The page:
How Indonesian Coffee Farming is Closing the Gender Wage Gap
Indonesia is not the world’s largest exporter of coffee, but its coffee industry is nothing to scoff at when it employs millions of coffee farmers annually. Coffee farming is a profitable industry in Indonesia. The Asian nation has an ideal climate for coffee bean growth and has had incredible coffee output, averaging the production of more than 600,000 tons of coffee or 4 million bags. International aid organizations are beginning new initiatives and investments to solidify economic stability, decrease poverty rates and end gender disparities.
Indonesia’s Gender Disparities and Poverty
Indonesia is notorious for its patriarchal attitudes and the U.N. has ranked Indonesia 85th out of 149 countries for its gender wage gaps. Its ranking is among the highest of the Association of Southeast Asian Nations (ASEAN), with women earning less than 60% of their male counterparts, despite often having the same levels of education.
Indonesia has widespread economic gender disparities, which could make women more likely to live in or fall into poverty than the male population. Data from the Central Statistics Agency recorded that in March 2022, at least 9% of Indonesia’s population lives in poverty. To combat the poverty rates that put women at a disadvantage in comparison to Indonesian men, women are seeking out jobs in sectors with greater chances for a steady and reliable income, mainly in agriculture.
According to a Springer Journal study, women lack access to training for sustainable farming practices, marketing and managing businesses connected to the agricultural sector. However, crop yields and production would likely increase by 2.5-4% if women were to integrate into the agricultural workforce. By 2018, 49% of Indonesia’s agricultural workforce consisted of women. Without them, agricultural stability would decrease, with the rural economy losing significant income and poverty rates increasing.
Indonesian Coffee Farming Practices
Agriculture is one of Indonesia’s three dominant business sectors. In 2021, it was responsible for 13% of the nation’s GDP. Agriculture has historically been one of the primary sources of income for Indonesians. Indonesia’s agriculture sector is a crucial global producer, with coffee as one of its critical exports. Since the 1960s, Indonesian coffee farming has steadily grown and expanded to offer more and more job opportunities for farmers nationwide.
Indonesian coffee farming occurs mainly on small shareholder farms. Small shareholder farms are beneficial as they safely sustain the economy of the rural populations, help with expanding markets and protect natural resources. Protecting natural resources is especially helpful as Indonesia relies on its agricultural systems.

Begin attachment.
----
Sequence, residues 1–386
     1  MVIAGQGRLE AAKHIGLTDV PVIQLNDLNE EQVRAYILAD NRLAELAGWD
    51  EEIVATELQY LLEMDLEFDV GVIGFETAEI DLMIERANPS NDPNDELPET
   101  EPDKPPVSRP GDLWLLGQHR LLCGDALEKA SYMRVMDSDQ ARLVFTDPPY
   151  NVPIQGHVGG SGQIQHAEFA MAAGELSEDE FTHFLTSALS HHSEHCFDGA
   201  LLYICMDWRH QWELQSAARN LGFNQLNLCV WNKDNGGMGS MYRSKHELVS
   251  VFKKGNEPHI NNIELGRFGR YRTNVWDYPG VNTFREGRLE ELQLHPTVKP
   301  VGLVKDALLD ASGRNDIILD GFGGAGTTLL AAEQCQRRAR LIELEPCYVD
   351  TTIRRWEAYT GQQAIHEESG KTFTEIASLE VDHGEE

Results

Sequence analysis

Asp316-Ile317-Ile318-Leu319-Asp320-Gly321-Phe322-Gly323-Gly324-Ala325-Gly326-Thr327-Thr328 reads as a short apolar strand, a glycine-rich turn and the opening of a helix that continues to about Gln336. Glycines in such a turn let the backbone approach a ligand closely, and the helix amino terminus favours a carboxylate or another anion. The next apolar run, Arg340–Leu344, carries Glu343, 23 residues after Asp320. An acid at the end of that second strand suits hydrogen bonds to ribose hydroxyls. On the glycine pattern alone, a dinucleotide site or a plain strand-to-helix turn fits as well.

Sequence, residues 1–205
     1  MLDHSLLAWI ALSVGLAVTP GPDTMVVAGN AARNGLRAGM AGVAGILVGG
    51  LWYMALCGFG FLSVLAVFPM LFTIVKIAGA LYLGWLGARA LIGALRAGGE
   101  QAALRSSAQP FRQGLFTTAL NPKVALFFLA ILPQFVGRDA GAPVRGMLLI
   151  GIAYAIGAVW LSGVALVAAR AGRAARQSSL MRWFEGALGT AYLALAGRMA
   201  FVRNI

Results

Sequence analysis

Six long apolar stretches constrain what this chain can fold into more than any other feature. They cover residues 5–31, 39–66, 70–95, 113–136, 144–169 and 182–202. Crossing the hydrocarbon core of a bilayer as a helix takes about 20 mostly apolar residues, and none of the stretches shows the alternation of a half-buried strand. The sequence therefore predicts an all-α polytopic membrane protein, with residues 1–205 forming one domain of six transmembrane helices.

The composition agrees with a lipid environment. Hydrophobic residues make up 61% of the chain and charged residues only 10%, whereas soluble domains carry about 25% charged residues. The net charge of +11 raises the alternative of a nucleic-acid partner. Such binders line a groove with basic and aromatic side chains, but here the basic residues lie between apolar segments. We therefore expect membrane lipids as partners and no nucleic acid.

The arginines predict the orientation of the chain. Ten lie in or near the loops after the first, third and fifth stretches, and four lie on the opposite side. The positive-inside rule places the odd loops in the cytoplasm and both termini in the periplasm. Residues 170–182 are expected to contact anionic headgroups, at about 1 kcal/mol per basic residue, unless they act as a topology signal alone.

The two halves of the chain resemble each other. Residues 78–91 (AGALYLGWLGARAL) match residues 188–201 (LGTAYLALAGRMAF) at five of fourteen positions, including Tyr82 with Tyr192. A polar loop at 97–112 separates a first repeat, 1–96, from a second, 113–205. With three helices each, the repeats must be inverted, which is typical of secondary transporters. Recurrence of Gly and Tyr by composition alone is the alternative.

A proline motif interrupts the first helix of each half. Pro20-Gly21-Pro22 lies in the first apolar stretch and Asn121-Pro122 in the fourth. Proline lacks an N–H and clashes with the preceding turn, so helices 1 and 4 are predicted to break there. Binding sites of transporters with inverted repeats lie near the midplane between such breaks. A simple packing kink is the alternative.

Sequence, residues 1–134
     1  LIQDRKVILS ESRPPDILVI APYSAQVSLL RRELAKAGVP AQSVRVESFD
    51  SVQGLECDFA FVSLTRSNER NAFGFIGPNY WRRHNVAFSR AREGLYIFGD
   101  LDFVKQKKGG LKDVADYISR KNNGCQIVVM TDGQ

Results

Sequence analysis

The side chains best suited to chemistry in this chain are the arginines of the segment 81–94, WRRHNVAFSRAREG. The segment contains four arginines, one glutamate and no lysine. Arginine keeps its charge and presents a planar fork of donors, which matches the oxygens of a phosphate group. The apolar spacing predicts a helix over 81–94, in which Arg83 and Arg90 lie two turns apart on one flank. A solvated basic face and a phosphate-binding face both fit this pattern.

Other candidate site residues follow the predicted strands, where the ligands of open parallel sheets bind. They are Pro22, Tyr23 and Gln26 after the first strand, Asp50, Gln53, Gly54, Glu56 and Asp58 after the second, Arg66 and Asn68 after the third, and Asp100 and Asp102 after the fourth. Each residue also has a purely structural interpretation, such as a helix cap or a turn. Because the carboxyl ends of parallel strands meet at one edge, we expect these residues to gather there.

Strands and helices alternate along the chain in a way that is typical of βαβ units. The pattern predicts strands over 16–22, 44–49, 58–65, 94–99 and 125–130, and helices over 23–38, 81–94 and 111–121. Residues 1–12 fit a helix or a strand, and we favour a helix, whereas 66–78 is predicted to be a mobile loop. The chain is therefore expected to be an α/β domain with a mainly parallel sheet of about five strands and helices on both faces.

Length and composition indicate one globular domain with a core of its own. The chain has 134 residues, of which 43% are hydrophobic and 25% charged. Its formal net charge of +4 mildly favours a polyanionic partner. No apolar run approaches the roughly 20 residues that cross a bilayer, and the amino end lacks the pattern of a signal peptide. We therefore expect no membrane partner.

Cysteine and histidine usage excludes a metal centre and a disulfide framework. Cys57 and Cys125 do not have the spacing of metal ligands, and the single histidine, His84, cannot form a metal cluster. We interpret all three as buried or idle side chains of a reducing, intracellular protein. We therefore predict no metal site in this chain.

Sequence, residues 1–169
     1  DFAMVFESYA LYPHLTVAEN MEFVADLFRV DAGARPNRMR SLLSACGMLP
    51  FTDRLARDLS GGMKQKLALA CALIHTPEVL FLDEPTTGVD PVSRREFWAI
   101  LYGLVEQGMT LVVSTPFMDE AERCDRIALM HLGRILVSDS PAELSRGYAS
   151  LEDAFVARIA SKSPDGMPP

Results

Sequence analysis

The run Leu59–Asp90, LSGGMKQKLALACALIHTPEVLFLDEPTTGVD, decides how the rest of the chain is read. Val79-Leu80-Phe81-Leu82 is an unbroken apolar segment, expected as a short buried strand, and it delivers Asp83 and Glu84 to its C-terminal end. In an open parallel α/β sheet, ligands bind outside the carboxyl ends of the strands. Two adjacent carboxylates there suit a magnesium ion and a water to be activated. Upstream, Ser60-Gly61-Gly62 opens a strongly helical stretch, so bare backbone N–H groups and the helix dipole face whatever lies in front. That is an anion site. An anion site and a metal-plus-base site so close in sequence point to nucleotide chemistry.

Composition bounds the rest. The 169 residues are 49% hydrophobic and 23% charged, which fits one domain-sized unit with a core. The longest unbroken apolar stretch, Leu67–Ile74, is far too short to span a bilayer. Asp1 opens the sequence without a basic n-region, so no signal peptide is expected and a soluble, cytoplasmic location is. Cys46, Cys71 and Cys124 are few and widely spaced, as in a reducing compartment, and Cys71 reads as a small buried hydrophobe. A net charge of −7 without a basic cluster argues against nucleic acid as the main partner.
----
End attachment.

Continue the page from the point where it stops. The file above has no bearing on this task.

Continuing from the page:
This farming practice involves renting or not owning a great deal of land on which the coffee is grown. Coffee plantations cover 1.24 million hectares and small-shareholder farmers operate more than 90% of Indonesia’s coffee farming land, according to Indonesia Investments. Each farmer works on only one to two hectares. The small sizes of the farms might not seem impressive, but the reliability of the farms entices investors worldwide. Indonesia’s government works to revitalize the land at any sign of slowing output and international aid organizations work to keep Indonesian coffee farming a viable option for jobs, especially as women take more jobs in the sector to end the wage gaps.
Female Coffee Farmers Taking Indonesia By Storm
Women are integrating into the coffee workforce at an incredible rate and are working as small shareholder farmers. Even though female farmers lack formal training, in some regions of Indonesia, they are 80% of the coffee farming workforce. The International Finance Corporation (IFC) began working with Indonesia’s female coffee farmers to train them to improve their productivity and increase their income. Working on a flexible schedule, the IFC trained 1,600 women and helped open new loan businesses that cater to Indonesia’s coffee farming needs. The number of female coffee farmers trained rose to 27%, up from 16%, and productivity and income improved by 92% on average. Helping female coffee farmers improve their productivity and market profitability will bring them new economic opportunities to lift them out of poverty and improve local economies.
USAID announced its new program, Indonesia Coffee Enterprise Resilience Initiative (Resilient Coffee). The program creates partnerships with Keurig Dr. Pepper and Root Capital, a U.S.-based non-government organization. The program intends to provide credit for Indonesia’s rural agricultural businesses. USAID Indonesia Mission Director Jeff Cohen stated that the program, “expand[s] public-private capacity and commitment to strengthening and increasing inclusive economic growth, as well as prioritizing investment in women’s economic empowerment.” USAID’s new program will expand Indonesian coffee farming’s economic opportunities and “invest in women’s economic empowerment.” Empowering female coffee farmers will help end the gender wage gap and poverty struggles while bringing new economic opportunities to the region that benefit all involved.
– Clara Mulvihill